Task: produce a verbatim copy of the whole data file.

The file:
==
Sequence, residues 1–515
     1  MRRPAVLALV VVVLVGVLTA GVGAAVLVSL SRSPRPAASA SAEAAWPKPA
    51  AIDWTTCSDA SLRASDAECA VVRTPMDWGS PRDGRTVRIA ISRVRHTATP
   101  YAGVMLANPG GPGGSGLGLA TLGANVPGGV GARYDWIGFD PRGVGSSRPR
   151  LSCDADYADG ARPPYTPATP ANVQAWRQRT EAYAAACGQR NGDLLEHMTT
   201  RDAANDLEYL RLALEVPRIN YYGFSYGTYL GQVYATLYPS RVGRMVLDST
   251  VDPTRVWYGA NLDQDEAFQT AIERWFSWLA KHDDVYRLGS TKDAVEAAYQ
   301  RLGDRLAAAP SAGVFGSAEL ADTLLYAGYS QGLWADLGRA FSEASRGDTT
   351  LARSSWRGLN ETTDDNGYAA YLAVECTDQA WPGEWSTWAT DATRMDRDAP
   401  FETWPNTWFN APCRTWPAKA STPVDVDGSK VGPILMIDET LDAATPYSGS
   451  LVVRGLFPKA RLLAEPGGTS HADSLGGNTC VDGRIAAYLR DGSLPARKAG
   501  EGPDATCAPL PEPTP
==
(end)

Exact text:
Sequence, residues 1–515
     1  MRRPAVLALV VVVLVGVLTA GVGAAVLVSL SRSPRPAASA SAEAAWPKPA
    51  AIDWTTCSDA SLRASDAECA VVRTPMDWGS PRDGRTVRIA ISRVRHTATP
   101  YAGVMLANPG GPGGSGLGLA TLGANVPGGV GARYDWIGFD PRGVGSSRPR
   151  LSCDADYADG ARPPYTPATP ANVQAWRQRT EAYAAACGQR NGDLLEHMTT
   201  RDAANDLEYL RLALEVPRIN YYGFSYGTYL GQVYATLYPS RVGRMVLDST
   251  VDPTRVWYGA NLDQDEAFQT AIERWFSWLA KHDDVYRLGS TKDAVEAAYQ
   301  RLGDRLAAAP SAGVFGSAEL ADTLLYAGYS QGLWADLGRA FSEASRGDTT
   351  LARSSWRGLN ETTDDNGYAA YLAVECTDQA WPGEWSTWAT DATRMDRDAP
   401  FETWPNTWFN APCRTWPAKA STPVDVDGSK VGPILMIDET LDAATPYSGS
   451  LVVRGLFPKA RLLAEPGGTS HADSLGGNTC VDGRIAAYLR DGSLPARKAG
   501  EGPDATCAPL PEPTP